I’m also a lifeguard and one more important thing to note is that children age four and under have bigger heads in proportion to their bodies and that it is the heaviest part of their body. For this reason when they go into the instinctive drowning response they probably will not be looking up but they will have their face down in the water because their head is so heavy they can’t get it up. Their hands will hit against the surface of the water in attempt to push their head up but this commonly looks like they are trying to swim.
I’ve had a few saves from distress and drowning but the main reasons I call in a nurse are for kids who gotten too much sun, not enough hydration, and/or not taking breaks/rest and become worn out. And although it is rare there is such a thing as dry drowning.

clatterbane:

youneedacat:

wire-man:

askamericatheheroyeah:

seriffluoride:

carrying—my—crosses:

doodlee-a:

GUYS, THIS IS IMPORTANT. I’ve been a lifeguard for four years, and I didn’t fully appreciate this until a little kid jumped into the shallow end of the lap pool. He wasn’t flailing. His eyes were wide in panic and h would try and push himself off the bottom, but the water was right over his head. It took me a couple seconds to register what had happened, and fortunately, another swimmer right beside the kid managed to grab him when he saw my reaction.

My mother and I run a water safety non-profit organization and this is one of the things we teach.

In movies someone who is drowning always yells and screams and it’s very dramatic and obvious but in real life you really have to be paying attention

I was on holiday in Egypt when I was 14, and there was a 4-year-old Italian boy I had to save because no-one else even thought he was in trouble. Luckily, the water wasn’t too deep and only came up to my waist, but the kid was so small it covered his head. All he did was gasp for air and angle his head up, and tried kicking off the pool floor while reaching his hands up. I sat him on the edge of the pool in the shallow end and then his mother came over and thanked me.

I didn’t think much of it then, but I saved a life that day.

THIS COULD LITERALLY SAVE A LIFE.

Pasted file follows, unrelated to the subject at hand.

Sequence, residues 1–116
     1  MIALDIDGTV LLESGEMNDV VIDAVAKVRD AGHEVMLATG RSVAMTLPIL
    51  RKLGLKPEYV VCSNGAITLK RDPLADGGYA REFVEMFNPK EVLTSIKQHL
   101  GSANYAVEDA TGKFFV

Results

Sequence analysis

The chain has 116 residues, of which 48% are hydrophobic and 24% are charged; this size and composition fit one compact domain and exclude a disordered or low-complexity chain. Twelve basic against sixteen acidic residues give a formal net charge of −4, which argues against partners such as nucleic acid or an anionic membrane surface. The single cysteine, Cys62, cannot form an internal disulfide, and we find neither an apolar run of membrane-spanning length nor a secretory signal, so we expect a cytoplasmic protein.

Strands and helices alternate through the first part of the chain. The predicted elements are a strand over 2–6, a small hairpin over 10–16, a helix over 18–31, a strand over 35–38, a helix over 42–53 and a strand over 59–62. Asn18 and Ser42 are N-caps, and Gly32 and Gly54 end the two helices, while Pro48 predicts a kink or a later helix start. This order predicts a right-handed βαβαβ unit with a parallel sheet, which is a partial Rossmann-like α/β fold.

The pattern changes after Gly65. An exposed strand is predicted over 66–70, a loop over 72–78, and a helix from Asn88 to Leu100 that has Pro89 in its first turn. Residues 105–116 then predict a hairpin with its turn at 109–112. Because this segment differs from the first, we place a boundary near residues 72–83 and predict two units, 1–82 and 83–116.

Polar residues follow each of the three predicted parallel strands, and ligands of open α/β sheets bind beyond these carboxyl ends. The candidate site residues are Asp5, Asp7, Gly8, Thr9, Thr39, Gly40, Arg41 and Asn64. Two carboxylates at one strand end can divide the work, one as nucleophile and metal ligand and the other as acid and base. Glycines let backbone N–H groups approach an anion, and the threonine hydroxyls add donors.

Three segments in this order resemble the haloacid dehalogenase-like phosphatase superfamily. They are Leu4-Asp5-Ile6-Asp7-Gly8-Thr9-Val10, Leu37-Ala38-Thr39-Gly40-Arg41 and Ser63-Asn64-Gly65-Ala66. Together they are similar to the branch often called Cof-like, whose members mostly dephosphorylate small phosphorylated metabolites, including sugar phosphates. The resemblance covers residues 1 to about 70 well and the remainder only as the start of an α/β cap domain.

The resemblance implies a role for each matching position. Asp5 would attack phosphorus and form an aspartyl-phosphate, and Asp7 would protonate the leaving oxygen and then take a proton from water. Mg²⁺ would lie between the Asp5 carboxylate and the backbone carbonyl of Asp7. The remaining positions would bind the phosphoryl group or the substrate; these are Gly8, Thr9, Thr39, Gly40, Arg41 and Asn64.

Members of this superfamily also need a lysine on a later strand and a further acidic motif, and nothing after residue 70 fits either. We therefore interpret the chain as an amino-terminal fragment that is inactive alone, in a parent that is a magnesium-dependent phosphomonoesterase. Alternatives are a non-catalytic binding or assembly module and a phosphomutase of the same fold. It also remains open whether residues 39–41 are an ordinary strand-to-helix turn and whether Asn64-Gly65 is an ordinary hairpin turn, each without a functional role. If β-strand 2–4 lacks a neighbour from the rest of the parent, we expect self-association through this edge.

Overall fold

After 2 years of lifeguarding and many more of competitive swimming I can verify this. Drowning signs are eerily quiet. It helps to catch them early. The pool I worked at had a large amount of regular clients. I’d always keep an extra lookout for people I didn’t recognize since I didn’t know their swimming ability. Their face aiming towards the sky is the first thing they’ll almost always do. Especially children.

This happened to me.  I was lucky someone pulled me out of the ocean last time I went swimming there.  I had no idea that the horrifying experience I had was ‘drowning’ until I read a post like this one.

Reblogging again because this is important.

Very much like with choking, if someone is able to yell and flail around much, they’re at least getting some air. I guess I figured that most people would know that real drowning doesn’t look like the dramatic fictional version, but yeah. My mom used to be a lifeguard and taught me what to look for, and I also saw one of my cousins drowning in the Chesapeake when we were kids. (Luckily, his dad saw what was happening and pulled him out in time.) When people are in real trouble, it’s usually very quiet because their lungs are full of water. :/

I’m also a lifeguard and one more important thing to note is that children age four and under have bigger heads in proportion to their bodies and that it is the heaviest part of their body. For this reason when they go into the instinctive drowning response they probably will not be looking up but they will have their face down in the water because their head is so heavy they can’t get it up. Their hands will hit against the surface of the water in attempt to push their head up but this commonly looks like they are trying to swim.

I’ve had a few saves from distress and drowning but the main reasons I call in a nurse are for kids who gotten too much sun, not enough hydration, and/or not taking breaks/rest and become worn out. And although it is rare there is such a thing as dry drowning.